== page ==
Khomeinism, the Islamic Revolution and anti-Americanism

Rezaie Yazdi, Mohammad (2016). Khomeinism, the Islamic Revolution and anti-Americanism. University of Birmingham. Ph.D.

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Abstract

The 1979 Islamic Revolution of Iran was based and formed upon the concept of Khomeinism, the religious, political, and social ideas of Ayatullah Ruhollah Khomeini. While the Iranian revolution was carried out with the slogans of independence, freedom, and Islamic Republic, Khomeini's framework gave it a specific impetus for the unity of people, religious culture, and leadership. Khomeinism was not just an effort, on a religious basis, to alter a national system. It included and was dependent upon the projection of a clash beyond a “national” struggle, including was a clash of ideology with that associated with the United States.

Analysing the Iran-US relationship over the past century and Khomeini’s interpretation of it, this thesis attempts to show how the Ayatullah projected "America" versus Iranian national freedom and religious pride. This projection used national interest and the religious and social culture of Iranians to mobilise the masses to overthrow a secular and pro-American political system, replacing it with an Islamic, anti-American system.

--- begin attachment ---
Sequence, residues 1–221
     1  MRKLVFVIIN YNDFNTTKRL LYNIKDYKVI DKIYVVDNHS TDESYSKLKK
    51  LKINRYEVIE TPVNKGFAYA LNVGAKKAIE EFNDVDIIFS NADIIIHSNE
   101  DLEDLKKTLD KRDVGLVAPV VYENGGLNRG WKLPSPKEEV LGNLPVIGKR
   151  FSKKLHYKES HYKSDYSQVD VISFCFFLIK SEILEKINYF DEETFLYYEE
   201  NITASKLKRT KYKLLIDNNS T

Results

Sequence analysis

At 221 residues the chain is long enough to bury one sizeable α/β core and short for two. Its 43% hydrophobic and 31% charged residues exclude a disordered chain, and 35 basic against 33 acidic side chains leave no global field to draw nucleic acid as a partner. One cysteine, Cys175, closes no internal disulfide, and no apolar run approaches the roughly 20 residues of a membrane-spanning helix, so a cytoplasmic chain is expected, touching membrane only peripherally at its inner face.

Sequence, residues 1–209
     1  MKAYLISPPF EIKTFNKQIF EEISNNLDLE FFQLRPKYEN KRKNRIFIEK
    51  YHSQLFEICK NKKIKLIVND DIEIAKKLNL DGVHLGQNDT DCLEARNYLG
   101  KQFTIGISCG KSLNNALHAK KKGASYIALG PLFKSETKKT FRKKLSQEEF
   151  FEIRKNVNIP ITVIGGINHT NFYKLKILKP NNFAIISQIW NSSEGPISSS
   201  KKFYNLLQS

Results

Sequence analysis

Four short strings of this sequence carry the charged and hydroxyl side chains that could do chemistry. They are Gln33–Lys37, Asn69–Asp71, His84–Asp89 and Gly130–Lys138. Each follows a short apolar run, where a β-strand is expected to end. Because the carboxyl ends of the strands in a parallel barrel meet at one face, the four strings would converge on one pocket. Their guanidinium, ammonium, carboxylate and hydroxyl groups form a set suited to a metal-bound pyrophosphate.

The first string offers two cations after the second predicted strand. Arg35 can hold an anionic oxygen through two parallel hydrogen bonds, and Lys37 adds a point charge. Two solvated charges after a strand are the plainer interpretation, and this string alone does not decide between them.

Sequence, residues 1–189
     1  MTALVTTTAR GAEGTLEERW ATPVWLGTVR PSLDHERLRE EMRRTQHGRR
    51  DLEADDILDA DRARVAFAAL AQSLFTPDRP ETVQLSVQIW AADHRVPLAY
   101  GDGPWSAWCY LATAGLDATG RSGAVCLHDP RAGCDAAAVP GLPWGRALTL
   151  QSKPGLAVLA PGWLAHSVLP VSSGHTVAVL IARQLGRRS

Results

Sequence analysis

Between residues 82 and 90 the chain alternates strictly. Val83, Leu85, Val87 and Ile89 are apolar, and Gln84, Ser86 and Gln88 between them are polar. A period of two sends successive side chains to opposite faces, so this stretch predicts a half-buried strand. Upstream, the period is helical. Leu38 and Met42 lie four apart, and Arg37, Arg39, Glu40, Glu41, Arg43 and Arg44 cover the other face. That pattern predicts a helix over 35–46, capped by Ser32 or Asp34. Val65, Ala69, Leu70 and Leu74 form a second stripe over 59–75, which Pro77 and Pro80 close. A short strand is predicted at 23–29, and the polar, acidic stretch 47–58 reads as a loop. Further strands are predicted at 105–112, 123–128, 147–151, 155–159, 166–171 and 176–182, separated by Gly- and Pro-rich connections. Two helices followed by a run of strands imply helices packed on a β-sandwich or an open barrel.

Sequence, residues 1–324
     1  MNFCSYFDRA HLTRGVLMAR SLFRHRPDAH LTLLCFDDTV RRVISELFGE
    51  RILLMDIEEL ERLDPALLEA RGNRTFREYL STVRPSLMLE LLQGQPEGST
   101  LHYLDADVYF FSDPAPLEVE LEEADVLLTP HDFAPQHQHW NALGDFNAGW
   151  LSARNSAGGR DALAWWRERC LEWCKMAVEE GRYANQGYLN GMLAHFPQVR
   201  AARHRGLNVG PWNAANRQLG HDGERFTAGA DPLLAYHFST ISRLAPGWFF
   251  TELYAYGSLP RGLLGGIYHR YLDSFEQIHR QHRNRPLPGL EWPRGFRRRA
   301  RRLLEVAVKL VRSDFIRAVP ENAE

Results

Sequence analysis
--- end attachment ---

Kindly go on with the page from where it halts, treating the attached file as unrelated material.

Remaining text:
However, while anti-Americanism was an essential part of Khomeinism, it was a conditional and impermanent concept. As the historical investigation shows, hostility between Iranian and American communities has been exceptional for much of the period since 1850. That recognition, as well as the critique of Khomeinism, offers possibilities for improvement in future relations between the Islamic Republic of Iran and the West, especially the US.

Type of Work: Thesis (Doctorates > Ph.D.)
Award Type: Doctorates > Ph.D.
Supervisor(s):
Supervisor(s)EmailORCID
Lucas, W. ScottUNSPECIFIEDUNSPECIFIED
Licence:
College/Faculty: Colleges (2008 onwards) > College of Social Sciences
School or Department: Department of Political Science and International Studies
Funders: None/not applicable
Subjects: B Philosophy. Psychology. Religion > BP Islam. Bahaism. Theosophy, etc
D History General and Old World > DS Asia
E History America > E11 America (General)
J Political Science > JQ Political institutions Asia
J Political Science > JZ International relations
URI: http://etheses.bham.ac.uk/id/eprint/6568

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